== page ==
Hybrid Jewish Identity

Over at the LA Review of Books, Jacob Silverman smartly interrogates the thorny issue of Jewish identity. The occasion is Jews and Words by Amos Oz and Fania Oz-Salzberger, in which the authors contend that Jewishness is primarily a matter of storytelling and texts.

Identity is of course always a matter of storytelling, so the former claim is hardly unique to Jews. Granted, Jewishness may entail larger numbers of potentially conflicting stories, but all identities are constructed around stories. The latter claim — that texts comprise the heart and soul of Judaism — strikes me as more dubious, if only because intellectuals usually overestimate the power and primacy of written words. It’s an occupational hazard.

These quibbles aside, Silverman puts his finger right on the identity pulse in this passage:

[The authors] argue that the appeal of traditional Judaism remains, in part, that one can “live in a timeless realm,” before embarking on a savvy critique of ultra-Orthodox Jews who

walk the world in the clothing of Polish nobility of the seventeenth century, sing beautiful Hasidic songs based on typical Ukrainian melodies, and dance ecstatic Ukrainian folk dances. They argue with us seculars, at best, according to Maimonides’ logic, drawn from Aristotle, or — alternatively — attack the weakness of our national loyalty on the basis of Hegelian arguments, courtesy of Rabbi Kook. But of us, they demand faithfulness to the original fountainhead.

Against this rigid, anachronistic position, the authors of Jews and Words insist on Judaism’s ultimate hybridity, its incorporation of many outside influences.

It is somewhat ironic that Oz and Oz-Salzberger argue for a particular kind of identity — and are authors of its construction — while simultaneously claiming that Jewish identity is fundamentally hybrid. This strikes me as walking either a fine line or straddling a razor’s edge, depending on one’s proclivities.


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2 thoughts on “Hybrid Jewish Identity

  1. rosross

    The concept of a Jewish identity is at source no different to that of a Catholic, Muslim, Hindu or whatever identity. All religions have their own culture and to that degree ‘identity.’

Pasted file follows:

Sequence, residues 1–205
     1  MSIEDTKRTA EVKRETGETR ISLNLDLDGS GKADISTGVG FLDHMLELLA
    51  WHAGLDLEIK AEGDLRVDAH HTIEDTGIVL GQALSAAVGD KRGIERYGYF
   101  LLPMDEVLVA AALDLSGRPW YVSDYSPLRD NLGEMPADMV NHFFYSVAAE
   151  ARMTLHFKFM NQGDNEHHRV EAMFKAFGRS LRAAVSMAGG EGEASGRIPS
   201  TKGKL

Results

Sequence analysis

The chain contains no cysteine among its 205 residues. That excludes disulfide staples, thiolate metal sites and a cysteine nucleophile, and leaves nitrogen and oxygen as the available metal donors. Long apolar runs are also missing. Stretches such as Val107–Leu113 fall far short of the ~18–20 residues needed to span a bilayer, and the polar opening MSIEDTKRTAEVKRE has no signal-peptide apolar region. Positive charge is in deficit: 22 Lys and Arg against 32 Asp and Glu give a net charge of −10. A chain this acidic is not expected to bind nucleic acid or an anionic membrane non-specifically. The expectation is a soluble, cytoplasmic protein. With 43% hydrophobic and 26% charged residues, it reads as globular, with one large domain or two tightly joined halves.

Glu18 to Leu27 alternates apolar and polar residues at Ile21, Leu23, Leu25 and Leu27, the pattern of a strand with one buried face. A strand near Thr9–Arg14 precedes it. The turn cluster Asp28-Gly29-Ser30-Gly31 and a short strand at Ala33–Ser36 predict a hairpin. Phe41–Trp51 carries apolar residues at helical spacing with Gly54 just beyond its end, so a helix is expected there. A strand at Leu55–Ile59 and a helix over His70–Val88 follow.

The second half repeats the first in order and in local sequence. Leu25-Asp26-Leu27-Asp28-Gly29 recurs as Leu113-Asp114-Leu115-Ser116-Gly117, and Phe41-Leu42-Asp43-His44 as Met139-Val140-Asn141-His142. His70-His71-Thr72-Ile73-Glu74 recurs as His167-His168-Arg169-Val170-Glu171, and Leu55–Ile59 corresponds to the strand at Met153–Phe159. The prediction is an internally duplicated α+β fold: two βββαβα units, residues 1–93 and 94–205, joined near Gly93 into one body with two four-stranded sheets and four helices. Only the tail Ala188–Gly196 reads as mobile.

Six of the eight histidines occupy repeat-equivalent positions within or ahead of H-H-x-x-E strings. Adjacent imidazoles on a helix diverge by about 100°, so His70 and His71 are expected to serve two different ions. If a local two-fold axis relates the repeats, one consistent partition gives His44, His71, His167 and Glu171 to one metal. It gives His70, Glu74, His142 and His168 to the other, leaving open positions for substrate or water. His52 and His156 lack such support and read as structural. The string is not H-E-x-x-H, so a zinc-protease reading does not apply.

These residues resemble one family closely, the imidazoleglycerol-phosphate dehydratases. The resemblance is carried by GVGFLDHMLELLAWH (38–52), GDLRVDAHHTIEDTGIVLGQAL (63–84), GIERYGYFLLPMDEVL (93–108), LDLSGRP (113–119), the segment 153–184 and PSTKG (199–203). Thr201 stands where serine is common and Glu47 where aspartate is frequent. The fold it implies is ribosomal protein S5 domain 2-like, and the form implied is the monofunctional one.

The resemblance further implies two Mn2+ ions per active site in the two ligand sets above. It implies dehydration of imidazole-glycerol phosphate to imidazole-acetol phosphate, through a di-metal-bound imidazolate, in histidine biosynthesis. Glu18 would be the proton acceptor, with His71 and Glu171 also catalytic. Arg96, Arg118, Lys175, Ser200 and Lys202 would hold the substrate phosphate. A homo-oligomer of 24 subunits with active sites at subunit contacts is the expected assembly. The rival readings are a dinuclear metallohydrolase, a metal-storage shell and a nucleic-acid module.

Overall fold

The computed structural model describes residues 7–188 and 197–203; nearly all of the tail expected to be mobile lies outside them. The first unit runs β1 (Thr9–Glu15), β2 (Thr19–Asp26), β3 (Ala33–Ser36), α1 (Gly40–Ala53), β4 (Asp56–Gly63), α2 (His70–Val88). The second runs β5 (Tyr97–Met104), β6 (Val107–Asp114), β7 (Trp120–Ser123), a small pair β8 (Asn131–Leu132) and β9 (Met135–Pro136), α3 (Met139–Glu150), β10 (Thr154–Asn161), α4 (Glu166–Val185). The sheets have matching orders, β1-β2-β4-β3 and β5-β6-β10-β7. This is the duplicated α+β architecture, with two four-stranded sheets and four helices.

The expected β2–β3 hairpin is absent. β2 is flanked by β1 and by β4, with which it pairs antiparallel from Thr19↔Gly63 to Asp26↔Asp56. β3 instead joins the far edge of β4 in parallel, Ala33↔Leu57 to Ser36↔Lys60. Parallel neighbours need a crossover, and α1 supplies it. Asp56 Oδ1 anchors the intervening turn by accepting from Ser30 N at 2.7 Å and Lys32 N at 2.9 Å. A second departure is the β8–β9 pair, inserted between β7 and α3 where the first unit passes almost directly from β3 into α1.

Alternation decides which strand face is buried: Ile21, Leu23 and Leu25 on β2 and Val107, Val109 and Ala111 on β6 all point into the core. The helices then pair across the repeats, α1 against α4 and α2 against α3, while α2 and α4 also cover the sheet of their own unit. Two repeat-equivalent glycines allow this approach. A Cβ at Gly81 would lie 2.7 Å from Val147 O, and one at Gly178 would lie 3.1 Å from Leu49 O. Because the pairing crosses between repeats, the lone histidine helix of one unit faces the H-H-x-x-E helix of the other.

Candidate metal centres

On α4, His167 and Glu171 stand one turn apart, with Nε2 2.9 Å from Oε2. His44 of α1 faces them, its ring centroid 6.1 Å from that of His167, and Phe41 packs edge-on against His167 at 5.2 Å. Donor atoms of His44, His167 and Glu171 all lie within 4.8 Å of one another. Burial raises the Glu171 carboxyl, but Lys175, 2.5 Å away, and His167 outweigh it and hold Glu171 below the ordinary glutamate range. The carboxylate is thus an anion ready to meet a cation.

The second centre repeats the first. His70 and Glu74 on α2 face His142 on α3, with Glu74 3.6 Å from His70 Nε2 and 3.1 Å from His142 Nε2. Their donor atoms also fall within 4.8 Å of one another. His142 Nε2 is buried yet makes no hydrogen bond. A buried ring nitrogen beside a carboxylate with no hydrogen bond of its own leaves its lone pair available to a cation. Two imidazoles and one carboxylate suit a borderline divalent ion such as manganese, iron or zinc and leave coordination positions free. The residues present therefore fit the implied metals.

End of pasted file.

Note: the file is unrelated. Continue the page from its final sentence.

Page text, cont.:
Where Judaism is different is that the religion speaks in metaphor about Jews as a people, in the same way that many other more primitive spiritual beliefs spoke about themselves, except that the concept has become literalised in Judaism.

    It has become literalised through the same process that the other Judaic metaphor, a State of Israel, became literalised, through the Zionist movement. Turning the concept of a Jewish people into a literal ‘reality’ where people equated with race – although Jews comprise all races through conversion so clearly are not a race – gave the Zionists more ‘substance’ for their argument for a State and the eventual partition of Palestine to achieve that end.

    Given the reality of the Palestinians and the fact that their presence made the Zionist propaganda of ‘a land without people for a people without a land’ a demonstrable lie, it became more important to ‘develop’ the concept that followers of Judaism constituted a ‘people’ or a ‘race.’ And the reason for this is that one suspects even the Zionists knew that religions don’t get homelands; peoples get homelands. In truth if religions did get homelands then Judaism would have a bit of modern-day Iraq, once Mesopotamia, where there religion was founded and the Christians would have Palestine.

    So a great deal of time, money and effort has gone into propagating the myth that followers of Judaism constitute a people or a race in order to attempt to create some sort of legitimacy for the occupation and colonisation of Palestine. Although clearly, the original concept of a religiously defined State, a Jewish State, would have to be, by its nature, racist. Even if Jews did constitute a people or a race, which they do not, it still would have been racist to establish a State purely for them.

    Interestingly, many orthodox Jews were utterly opposed to the creation of Israel because they said such a State was only ever meant to be metaphor and if it were made material, it would run counter to God’s will and bring nothing but suffering. How right they were.

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